I have not read a book for pleasure since 9B (9th grade, second semester, 2012), but recently, I was asked to choose three books for the local library. I did not want to introduce anyone to sexist, traditional books, so I looked for teen feminist books. On a Saturday in March, I found The Disreputable History of Frankie Landau-Banks by E. Lockhart, which I read in 6 hours. (My next book review will be on that.) The following Tuesday, I checked out Beauty Queens by Libba Bray and finished it two days later.
Sexism, racism, capitalism: three mainstream institutions that are criticized in this novel. The book exemplifies intersectional feminism, with the exception of distinguishing a section of Girl Con as “Comic Nerds with Ovaries” and calling Petra a “transwoman” as opposed to trans woman. Though this decision does not affect me in any way, shape, or form, I could forgive those mistakes, for Bray continues to explore transgender and gender role issues through male to female transgender Petra and her pirate boyfriend’s love of heels, among other things. Ableism is another topic that is somewhat mentioned through the eyes of a deaf beauty queen.
Contrary to popular belief, the women in this gender bent version of Lord of the Flies did not kill each other within the first 2 days or any days at all. Yes, there was competition, but I think we have established that competition is gender neutral. There is a huge theme of sorority (as opposed to the male fraternity) and self-realization. The women establish a rule outlawing the word “sorry” under any circumstances and decide to accept their sexuality.
Racism absolutely plays a huge part of this story. The Corporation exploits the island of indigenous Tane Ngata and somehow removed or relocated most of his people. Beauty queens Nicole and Shanti (Black and Indian, respectively) are the only women of color in the pageant, so they feel extra competitive because judges typically allow one POC in the top 5. Bray acknowledges their cultures and struggles such as illustrating Nicole making an ewe drum and describing Shanti’s false background to hide being “too ethnic”.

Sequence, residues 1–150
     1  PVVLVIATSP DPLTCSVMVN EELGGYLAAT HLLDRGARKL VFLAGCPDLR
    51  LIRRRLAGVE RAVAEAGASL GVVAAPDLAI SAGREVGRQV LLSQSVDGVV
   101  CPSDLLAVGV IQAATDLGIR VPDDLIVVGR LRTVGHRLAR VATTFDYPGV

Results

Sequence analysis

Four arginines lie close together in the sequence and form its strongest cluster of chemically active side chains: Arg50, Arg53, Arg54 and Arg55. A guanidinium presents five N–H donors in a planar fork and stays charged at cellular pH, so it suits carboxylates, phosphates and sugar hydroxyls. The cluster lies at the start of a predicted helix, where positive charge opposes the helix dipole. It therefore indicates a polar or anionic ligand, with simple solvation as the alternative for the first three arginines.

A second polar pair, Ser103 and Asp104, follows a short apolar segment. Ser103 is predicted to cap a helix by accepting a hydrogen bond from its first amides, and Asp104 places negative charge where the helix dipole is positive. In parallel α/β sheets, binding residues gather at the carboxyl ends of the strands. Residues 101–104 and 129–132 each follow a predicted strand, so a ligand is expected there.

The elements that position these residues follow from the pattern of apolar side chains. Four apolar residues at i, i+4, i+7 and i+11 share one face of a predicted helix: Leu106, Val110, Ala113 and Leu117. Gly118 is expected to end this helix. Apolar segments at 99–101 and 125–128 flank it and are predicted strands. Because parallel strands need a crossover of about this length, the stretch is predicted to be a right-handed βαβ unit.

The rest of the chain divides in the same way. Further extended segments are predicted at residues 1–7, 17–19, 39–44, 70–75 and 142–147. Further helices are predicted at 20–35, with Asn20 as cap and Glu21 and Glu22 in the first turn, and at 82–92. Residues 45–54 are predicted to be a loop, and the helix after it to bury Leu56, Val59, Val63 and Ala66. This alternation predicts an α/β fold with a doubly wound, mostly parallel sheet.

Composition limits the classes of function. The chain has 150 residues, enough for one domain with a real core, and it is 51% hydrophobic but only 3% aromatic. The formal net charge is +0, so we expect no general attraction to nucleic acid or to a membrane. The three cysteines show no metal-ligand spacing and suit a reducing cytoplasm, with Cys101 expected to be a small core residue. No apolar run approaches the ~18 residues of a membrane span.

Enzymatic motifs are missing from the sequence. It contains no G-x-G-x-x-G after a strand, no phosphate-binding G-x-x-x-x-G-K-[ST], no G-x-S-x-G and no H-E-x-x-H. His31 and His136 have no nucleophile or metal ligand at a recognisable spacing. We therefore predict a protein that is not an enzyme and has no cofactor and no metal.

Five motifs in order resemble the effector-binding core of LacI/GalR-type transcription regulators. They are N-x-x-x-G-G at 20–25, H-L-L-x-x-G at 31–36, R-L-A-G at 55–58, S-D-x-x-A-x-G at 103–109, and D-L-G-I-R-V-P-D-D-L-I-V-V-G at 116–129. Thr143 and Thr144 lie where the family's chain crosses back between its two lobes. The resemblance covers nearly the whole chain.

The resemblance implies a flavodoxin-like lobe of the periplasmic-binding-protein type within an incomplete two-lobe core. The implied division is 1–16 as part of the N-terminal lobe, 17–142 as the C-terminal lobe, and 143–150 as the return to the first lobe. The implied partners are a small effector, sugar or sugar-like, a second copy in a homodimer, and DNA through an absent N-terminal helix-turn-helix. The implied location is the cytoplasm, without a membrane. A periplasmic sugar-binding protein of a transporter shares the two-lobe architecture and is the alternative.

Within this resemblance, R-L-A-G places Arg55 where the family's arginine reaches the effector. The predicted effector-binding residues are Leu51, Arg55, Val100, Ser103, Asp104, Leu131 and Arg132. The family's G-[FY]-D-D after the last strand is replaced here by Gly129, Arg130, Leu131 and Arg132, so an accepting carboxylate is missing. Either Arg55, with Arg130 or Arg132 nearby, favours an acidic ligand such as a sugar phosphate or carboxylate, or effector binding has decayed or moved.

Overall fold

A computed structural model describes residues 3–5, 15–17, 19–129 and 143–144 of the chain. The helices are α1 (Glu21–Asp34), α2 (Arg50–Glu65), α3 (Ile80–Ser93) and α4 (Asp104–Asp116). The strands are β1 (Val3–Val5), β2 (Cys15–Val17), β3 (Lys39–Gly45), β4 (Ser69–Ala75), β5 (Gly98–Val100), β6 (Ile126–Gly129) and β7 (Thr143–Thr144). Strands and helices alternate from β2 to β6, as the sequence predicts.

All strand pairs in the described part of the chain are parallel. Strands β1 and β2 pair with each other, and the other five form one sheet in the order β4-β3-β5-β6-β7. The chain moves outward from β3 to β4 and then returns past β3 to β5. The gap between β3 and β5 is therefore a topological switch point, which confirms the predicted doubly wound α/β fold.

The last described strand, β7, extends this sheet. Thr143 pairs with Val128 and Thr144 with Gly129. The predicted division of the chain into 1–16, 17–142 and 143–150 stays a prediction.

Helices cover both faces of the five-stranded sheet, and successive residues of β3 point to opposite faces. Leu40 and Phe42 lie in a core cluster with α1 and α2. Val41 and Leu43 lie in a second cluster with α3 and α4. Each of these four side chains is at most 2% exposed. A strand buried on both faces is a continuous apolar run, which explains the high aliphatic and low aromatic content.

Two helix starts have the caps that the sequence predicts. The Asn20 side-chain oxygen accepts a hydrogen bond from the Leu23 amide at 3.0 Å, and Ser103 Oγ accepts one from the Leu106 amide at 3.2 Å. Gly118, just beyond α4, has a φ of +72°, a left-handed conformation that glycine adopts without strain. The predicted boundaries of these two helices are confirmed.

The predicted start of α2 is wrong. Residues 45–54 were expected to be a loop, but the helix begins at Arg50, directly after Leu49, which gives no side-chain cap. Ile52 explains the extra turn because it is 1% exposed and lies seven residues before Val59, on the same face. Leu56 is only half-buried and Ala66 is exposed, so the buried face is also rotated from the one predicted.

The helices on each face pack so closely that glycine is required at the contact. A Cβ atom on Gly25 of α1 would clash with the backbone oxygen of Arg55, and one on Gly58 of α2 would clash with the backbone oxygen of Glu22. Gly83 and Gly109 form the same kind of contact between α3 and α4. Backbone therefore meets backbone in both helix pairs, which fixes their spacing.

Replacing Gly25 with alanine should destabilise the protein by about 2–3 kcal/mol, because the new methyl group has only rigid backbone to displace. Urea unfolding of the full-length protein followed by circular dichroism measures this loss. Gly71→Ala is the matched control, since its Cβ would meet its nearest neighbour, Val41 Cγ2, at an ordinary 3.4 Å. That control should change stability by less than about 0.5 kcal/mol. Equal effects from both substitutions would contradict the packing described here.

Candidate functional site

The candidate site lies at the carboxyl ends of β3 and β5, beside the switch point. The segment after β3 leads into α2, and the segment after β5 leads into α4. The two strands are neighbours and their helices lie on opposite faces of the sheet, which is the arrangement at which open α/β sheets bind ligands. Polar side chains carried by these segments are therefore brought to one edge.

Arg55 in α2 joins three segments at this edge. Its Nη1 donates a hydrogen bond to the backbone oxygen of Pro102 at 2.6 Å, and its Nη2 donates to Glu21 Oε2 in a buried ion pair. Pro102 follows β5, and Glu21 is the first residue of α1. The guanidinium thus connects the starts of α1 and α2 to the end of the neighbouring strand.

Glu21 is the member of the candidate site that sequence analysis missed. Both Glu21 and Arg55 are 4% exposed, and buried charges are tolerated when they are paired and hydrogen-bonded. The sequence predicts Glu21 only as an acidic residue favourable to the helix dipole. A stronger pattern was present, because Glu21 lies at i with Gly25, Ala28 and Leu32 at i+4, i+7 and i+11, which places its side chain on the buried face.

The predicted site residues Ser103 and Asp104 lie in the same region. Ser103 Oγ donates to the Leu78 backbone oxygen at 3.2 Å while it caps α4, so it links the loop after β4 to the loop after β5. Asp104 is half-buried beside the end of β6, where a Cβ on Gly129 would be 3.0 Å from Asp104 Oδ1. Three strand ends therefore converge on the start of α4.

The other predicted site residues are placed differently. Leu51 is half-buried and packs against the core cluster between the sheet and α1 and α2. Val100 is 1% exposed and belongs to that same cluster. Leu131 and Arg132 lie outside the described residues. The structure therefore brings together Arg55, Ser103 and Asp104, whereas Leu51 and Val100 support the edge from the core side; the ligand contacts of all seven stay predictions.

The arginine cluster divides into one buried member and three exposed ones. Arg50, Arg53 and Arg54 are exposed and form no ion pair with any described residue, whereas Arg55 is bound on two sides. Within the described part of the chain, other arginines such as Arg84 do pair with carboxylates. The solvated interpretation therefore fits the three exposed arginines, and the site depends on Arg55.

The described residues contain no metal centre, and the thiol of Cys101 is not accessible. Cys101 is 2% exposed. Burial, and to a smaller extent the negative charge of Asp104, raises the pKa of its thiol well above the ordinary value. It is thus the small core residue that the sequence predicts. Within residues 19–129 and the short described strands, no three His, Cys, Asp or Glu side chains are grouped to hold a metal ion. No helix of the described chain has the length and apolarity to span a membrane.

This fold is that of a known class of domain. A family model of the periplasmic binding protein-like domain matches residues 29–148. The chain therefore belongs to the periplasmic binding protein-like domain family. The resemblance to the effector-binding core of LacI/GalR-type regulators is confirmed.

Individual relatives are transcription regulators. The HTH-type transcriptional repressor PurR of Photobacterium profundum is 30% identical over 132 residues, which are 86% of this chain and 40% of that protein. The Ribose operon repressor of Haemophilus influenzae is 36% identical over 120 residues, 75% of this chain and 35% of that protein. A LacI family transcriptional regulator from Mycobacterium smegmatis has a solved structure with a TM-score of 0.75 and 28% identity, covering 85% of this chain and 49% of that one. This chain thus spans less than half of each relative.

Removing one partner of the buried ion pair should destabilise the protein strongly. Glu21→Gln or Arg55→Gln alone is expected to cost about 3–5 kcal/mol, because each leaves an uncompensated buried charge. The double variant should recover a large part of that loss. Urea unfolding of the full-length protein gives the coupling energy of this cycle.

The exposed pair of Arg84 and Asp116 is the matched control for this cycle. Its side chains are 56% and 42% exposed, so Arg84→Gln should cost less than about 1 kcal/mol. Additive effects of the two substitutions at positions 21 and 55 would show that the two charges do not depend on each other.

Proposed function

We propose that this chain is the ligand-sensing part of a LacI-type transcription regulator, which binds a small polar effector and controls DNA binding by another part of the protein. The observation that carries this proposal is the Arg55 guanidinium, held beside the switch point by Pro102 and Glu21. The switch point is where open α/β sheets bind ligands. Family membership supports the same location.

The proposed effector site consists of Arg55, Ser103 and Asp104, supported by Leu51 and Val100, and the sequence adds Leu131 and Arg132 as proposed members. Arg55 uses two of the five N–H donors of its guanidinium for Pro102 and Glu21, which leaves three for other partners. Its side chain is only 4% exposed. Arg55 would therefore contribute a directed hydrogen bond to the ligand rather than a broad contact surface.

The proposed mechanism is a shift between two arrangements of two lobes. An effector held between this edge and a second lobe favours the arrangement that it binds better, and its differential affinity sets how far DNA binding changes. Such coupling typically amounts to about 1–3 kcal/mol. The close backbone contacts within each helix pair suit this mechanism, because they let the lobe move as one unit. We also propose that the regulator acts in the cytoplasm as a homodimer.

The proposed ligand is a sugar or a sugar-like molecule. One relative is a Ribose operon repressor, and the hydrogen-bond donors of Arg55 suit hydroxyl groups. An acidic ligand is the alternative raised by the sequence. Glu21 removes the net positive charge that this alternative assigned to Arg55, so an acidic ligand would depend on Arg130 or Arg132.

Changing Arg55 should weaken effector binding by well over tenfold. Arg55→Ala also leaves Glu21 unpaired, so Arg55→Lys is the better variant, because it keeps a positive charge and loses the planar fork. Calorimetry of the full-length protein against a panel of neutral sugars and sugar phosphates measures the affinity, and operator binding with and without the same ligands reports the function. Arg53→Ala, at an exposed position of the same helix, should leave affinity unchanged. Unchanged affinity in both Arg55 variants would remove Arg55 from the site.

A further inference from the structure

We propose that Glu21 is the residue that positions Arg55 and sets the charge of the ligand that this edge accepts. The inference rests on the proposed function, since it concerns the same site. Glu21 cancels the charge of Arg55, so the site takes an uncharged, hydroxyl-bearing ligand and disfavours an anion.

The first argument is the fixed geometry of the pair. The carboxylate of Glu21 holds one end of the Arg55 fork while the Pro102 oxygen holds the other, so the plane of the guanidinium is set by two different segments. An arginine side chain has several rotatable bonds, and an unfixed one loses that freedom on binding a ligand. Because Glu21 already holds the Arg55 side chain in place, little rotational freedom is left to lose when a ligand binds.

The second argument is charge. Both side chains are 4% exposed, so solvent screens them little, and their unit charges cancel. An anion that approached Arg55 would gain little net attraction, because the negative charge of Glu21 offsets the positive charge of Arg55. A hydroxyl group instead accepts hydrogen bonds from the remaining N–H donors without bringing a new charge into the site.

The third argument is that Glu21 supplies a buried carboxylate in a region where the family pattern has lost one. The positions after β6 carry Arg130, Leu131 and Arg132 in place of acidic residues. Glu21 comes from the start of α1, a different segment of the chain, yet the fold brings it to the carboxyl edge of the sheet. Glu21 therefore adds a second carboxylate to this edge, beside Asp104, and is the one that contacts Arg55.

Consumerism and corporation politics are also a major theme. The story is frequently interrupted with “commercial breaks” which advertise products to perpetuate sexist standards such as hairless lips, and other controversial products are mentioned, such as skin bleach. Along with these products, the Corporation owns most TV shows (including the pageant), the plane that crashed, and boy bands like Boyz Will B Boyz who sing “Let Me Shave Your Legs Tonight, Girl”. This is a reflection on monopolies like Comcast and other humongous corporations. Additionally, the Corporation paid off the government to prevent them from searching this island where they capitalize on most of the resources (such as oil).
And in case you were hoping for a slight nod to corporations in foreign politics, the Corporation almost sells American military weapons to the cruel tyrant of the Republic of ChaCha until presidential candidate Ladybird Hope decides to perform a televised terrorist attack on the Beauty Queens. Personally, I think it was Bray’s implication of BUSH DID 9/11.
As far as the characters go, my favorite was Adina Greenberg, sarcastic, Jewish, feminist journalist who enjoys punk rock and performs in a band. I think she was a reflection of Gloria Steinem, who was also a Jewish journalist and feminist leader of the 1960s Women’s Liberation. Both people have mothers who struggled to find happiness in themselves without men, have no interest in marriage (Steinem married David Bale much later in her life, however), and go undercover in sexist coordinated events (Adina planned to write about beauty pageants, Steinem wrote “I Was a Playboy Bunny”.) Whether it is Adina or Steinem, I can wholly relate.
Additionally, Adina’s relationship with Duff fortifies my argument that pretty boys cannot be trusted.
Other characters include Taylor Krystal Rene Hawkins (Miss Texas who attends George Walker Bush High School and has a membership in Femmes and Firearms), two queens named Caitlin Ashley/Ashlee, Jennifer who is lesbian, Sosie who is deaf from a virus and questions her sexuality, Tiara who is the embodiment of the female stereotype (extremely “feminine” and not very educated), Nicole, Petra, and Shanti (mentioned earlier), Mary Lou who befriends Adina and explores her sexuality (including masturbation), and others who I cannot remember.
This book was entirely sarcastic and questioned everything that occurs in America. I loved it, and I hope I get the same experience with another book in the future.